- The Washington Times - Monday, March 25, 2002

The National Cherry Blossom Festival opened at the Kennedy Center last night with the naming of the festival queen and her court and welcoming remarks by Japanese and American dignitaries.
"This is Washington's signature event," festival spokeswoman Donna Sneyd said. "In essence, it almost opens the springtime tourism season in Washington, D.C."
The blossoms along with the festival's cultural and community events annually attract more than 700,000 visitors.
The two-week festival is timed to coincide with the blooming of more than 3,000 cherry trees dotting the landscape around major monuments. This year, forecasters are expecting the trees to be in full bloom in early April.
It looks like the famed cherry blossoms will make an earlier appearance than expected.
National Park Service horticulturist Robert DeFeo first predicted the cherry blossoms would be at peak between April 1 and 5.
But warm weather has pushed up that date. Mr. DeFeo now says the blossoms will be at their best between March 30 and April 1.
Mr. DeFeo says cherry-blossom fans shouldn't focus on a particular date, but instead realize that once the trees bloom the spectacular scene typically lasts 10 to 14 days.
Festival organizers say the slight adjustment is fine with them. The peak bloom still falls within the festival dates. The annual celebration runs through April 8.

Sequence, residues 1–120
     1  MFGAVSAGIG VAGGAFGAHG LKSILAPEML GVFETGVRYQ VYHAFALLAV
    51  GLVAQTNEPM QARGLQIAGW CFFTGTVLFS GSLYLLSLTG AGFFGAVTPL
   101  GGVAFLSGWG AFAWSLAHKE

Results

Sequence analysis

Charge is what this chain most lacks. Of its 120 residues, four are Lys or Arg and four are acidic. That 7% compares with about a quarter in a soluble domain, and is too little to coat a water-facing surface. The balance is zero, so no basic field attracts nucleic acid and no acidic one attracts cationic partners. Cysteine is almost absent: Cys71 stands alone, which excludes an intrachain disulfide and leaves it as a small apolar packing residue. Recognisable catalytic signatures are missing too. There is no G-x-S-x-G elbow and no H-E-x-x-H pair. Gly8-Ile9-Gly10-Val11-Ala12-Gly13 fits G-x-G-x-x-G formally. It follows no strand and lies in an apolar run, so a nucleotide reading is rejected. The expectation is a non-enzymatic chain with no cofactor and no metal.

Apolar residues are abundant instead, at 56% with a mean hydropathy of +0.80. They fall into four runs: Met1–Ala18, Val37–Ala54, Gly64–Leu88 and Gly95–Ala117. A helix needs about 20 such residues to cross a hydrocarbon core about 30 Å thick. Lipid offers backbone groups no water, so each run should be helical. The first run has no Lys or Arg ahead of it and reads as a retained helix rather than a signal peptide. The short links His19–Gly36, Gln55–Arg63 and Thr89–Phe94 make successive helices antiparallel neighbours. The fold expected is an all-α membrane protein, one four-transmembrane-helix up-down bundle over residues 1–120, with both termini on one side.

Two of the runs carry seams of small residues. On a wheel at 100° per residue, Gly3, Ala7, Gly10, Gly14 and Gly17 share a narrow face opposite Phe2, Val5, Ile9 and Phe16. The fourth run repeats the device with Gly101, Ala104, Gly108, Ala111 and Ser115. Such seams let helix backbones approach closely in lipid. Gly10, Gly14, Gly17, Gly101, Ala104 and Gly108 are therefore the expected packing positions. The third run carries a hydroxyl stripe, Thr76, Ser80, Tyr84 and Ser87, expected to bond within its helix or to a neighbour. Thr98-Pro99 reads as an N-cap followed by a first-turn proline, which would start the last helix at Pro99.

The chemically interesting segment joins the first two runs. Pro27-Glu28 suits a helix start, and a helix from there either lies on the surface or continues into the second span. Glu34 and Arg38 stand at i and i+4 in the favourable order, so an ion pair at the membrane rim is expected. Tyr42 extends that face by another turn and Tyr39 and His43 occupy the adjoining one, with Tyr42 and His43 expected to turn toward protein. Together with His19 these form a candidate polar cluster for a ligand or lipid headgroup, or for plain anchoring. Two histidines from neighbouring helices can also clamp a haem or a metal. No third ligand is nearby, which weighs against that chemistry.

This year's National Cherry Blossom Festival the 90th celebration marking the friendship between the United States and Japan is expected to be the biggest yet.
"This year's festival represents an unprecedented level of cooperation," said Ms. Sneyd. "[It] is going to be bigger and better. We are proceeding with a larger festival than what we've had in the past."
While the official opening ceremony was last night, the first event was Saturday when professional and amateur kite makers competed in the 36th Smithsonian Kite Festival near the Washington Monument.
Also Saturday, the Freedom Schooner Amistad sailed up the Potomac River and docked in Southeast. The ship is a re-creation of a Spanish slave ship that was taken over by mutiny in 1839. The Africans, arrested in American waters, were freed by the U.S. Supreme Court in 1841 after a two-year legal battle over the rights of free blacks to defend their freedom.
"The mission is that of reconciliation, unity and tolerance," said Ms. Sneyd. "It will convey that through tours, exhibits and day sails."
Continuing daily at the Tidal Basin during the festival's two weeks will be cross-cultural performances at a stage set up at the Jefferson Memorial. Performers include the Japanese Choral Society of Washington and the Washington Opera. All performances are free.
In celebration of the 90th anniversary of the gift of 3,000 cherry trees by Tokyo to the people of the District in 1912, 90 cherry trees will be planted at D.C. public schools on different days of the festival.
The first tree will be planted at 10 a.m. Thursday at Barnard Elementary School, 430 Decatur St. NW.
The parade will take place at 9:30 a.m. April 6, making its way down Constitution Avenue from Seventh to 17th streets NW.
After the parade will be Sakura Matsuri, a Japanese street festival of arts and culture, on 12th Street NWbetween Constitution and Pennsylvania avenues. All events are free, but there is a charge for food.

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